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FALDER's cell, a whitewashed space thirteen feet broad by seven
deep, and nine feet high, with a rounded ceiling. The floor is
of shiny blackened bricks. The barred window of opaque glass,
with a ventilator, is high up in the middle of the end wall. In
the middle of the opposite end wall is the narrow door. In a
corner are the mattress and bedding rolled up [two blankets, two
sheets, and a coverlet]. Above them is a quarter-circular
wooden shelf, on which is a Bible and several little devotional
books, piled in a symmetrical pyramid; there are also a black
hair brush, tooth-brush, and a bit of soap. In another corner
is the wooden frame of a bed, standing on end. There is a dark
ventilator under the window, and another over the door.
FALDER'S work [a shirt to which he is putting buttonholes] is
hung to a nail on the wall over a small wooden table, on which
the novel "Lorna Doone" lies open. Low down in the corner by
the door is a thick glass screen, about a foot square, covering
the gas-jet let into the wall. There is also a wooden stool, and
a pair of shoes beneath it. Three bright round tins are set
under the window.

In fast-failing daylight, FALDER, in his stockings, is seen
standing motionless, with his head inclined towards the door,
listening. He moves a little closer to the door, his stockinged
feet making no noise. He stops at the door. He is trying
harder and harder to hear something, any little thing that is
going on outside. He springs suddenly upright--as if at a
sound-and remains perfectly motionless. Then, with a heavy
sigh, he moves to his work, and stands looking at it, with his
head doom; he does a stitch or two, having the air of a man so
lost in sadness that each stitch is, as it were, a coming to
life. Then turning abruptly, he begins pacing the cell, moving
his head, like an animal pacing its cage. He stops again at the
door, listens, and, placing the palms of hip hands against it
with his fingers spread out, leans his forehead against the
iron. Turning from it, presently, he moves slowly back towards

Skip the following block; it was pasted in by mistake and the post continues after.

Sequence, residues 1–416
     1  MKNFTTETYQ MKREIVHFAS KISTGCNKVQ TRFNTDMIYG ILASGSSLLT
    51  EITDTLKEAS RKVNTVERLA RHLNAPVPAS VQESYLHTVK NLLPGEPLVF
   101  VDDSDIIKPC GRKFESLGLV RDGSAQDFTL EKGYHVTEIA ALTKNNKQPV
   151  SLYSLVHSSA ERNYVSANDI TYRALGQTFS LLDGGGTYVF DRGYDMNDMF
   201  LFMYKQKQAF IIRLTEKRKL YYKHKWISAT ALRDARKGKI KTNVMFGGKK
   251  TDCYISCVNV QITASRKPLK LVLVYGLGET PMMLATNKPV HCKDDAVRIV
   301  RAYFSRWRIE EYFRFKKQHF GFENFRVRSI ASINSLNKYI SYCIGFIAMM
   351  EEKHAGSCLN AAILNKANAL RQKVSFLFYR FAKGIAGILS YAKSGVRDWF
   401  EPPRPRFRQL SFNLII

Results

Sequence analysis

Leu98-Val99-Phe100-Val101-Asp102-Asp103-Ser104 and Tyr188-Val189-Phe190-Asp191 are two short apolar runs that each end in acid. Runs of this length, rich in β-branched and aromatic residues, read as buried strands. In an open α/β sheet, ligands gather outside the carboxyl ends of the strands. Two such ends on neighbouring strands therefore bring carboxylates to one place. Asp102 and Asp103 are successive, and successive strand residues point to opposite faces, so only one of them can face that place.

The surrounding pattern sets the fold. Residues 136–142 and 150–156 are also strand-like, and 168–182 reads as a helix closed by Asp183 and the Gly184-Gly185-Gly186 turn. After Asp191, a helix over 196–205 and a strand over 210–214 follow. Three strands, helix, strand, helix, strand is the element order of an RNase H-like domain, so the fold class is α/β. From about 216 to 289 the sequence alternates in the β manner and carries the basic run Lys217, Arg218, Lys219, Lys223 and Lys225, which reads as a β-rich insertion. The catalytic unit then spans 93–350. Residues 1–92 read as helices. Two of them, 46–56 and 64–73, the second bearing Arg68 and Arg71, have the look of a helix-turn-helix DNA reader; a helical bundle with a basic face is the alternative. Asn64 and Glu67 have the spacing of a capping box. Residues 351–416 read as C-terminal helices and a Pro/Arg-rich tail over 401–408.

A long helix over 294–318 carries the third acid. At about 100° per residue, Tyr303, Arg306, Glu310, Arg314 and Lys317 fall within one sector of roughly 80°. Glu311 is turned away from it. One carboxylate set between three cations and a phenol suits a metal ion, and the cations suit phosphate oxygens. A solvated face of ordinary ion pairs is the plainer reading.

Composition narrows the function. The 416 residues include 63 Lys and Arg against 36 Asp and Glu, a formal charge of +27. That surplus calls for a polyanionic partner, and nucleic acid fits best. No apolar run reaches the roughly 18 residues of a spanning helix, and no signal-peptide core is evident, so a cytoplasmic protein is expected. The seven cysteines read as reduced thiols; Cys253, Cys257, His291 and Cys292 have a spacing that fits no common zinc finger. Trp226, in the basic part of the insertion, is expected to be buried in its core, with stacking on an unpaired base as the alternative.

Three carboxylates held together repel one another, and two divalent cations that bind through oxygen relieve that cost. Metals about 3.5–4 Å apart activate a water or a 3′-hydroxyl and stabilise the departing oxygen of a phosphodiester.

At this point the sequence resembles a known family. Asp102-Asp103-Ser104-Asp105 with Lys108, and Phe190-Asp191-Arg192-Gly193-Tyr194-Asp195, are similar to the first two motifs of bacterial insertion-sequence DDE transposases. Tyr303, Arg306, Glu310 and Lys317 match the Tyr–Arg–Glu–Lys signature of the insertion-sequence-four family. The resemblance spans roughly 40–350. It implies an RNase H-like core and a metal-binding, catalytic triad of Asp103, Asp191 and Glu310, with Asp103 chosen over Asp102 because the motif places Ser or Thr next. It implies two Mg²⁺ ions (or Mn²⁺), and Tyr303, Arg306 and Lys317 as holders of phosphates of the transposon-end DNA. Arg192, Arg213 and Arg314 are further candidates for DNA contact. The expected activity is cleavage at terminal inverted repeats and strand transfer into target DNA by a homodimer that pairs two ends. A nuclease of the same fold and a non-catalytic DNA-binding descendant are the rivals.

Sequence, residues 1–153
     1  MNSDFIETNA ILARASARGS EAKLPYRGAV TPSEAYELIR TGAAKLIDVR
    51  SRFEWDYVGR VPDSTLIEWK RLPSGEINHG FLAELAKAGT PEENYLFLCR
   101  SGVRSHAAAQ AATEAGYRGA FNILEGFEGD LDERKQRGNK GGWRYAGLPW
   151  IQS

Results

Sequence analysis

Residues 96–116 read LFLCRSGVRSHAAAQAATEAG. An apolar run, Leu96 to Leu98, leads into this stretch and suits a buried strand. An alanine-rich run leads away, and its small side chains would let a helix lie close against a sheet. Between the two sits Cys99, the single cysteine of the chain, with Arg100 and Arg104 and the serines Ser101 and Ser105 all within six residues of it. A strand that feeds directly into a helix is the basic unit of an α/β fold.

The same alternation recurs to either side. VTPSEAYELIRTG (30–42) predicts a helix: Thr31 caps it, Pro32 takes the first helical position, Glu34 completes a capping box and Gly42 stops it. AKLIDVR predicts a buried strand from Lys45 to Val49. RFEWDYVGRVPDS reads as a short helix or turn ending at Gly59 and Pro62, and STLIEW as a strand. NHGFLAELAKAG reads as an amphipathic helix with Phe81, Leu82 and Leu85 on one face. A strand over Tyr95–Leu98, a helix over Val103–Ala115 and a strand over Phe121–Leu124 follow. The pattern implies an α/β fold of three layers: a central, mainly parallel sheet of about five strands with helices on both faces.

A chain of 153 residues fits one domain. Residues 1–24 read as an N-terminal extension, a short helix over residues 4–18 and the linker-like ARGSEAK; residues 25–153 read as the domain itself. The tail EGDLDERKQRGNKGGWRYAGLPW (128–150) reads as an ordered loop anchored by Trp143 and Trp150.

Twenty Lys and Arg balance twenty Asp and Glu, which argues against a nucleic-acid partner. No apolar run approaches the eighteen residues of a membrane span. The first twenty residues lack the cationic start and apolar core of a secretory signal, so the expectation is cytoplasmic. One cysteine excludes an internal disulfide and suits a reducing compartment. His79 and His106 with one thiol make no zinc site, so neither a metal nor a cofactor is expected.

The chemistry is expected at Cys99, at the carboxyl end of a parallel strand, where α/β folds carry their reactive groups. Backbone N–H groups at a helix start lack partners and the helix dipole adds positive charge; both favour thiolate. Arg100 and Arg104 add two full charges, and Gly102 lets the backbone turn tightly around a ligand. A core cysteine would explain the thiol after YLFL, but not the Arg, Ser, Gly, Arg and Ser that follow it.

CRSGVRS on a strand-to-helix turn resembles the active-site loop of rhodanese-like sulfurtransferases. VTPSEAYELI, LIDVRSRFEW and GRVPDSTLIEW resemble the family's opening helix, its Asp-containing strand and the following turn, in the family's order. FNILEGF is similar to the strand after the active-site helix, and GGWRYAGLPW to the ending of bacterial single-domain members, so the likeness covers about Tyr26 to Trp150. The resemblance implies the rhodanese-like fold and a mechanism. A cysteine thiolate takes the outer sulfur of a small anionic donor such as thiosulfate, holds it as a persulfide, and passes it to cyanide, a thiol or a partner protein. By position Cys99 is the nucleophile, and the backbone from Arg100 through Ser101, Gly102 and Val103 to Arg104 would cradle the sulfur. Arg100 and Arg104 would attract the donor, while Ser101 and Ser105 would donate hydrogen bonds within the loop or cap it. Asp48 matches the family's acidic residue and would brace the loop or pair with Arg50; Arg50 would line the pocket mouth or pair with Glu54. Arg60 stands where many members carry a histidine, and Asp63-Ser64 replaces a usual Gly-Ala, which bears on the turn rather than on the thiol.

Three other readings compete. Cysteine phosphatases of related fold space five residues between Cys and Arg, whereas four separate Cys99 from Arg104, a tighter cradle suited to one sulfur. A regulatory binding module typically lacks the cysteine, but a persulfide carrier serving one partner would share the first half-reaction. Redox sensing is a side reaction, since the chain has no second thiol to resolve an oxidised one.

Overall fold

the window, tracing his way with his finger along the top line
of the distemper that runs round the wall. He stops under the
window, and, picking up the lid of one of the tins, peers into
it. It has grown very nearly dark. Suddenly the lid falls out
of his hand with a clatter--the only sound that has broken the
silence--and he stands staring intently at the wall where the
stuff of the shirt is hanging rather white in the darkness--he
seems to be seeing somebody or something there. There is a
sharp tap and click; the cell light behind the glass screen has
been turned up. The cell is brightly lighted. FALDER is seen
gasping for breath.

A sound from far away, as of distant, dull beating on thick
metal, is suddenly audible. FALDER shrinks back, not able to
bear this sudden clamour. But the sound grows, as though some
great tumbril were rolling towards the cell. And gradually it
seems to hypnotise him. He begins creeping inch by inch
nearer to the door. The banging sound, travelling from cell to
cell, draws closer and closer; FALDER'S hands are seen moving as
if his spirit had already joined in this beating, and the sound
swells till it seems to have entered the very cell. He suddenly
raises his clenched fists. Panting violently, he flings himself
at his door, and beats on it.

The curtain falls.

Justice by John Galsworthy
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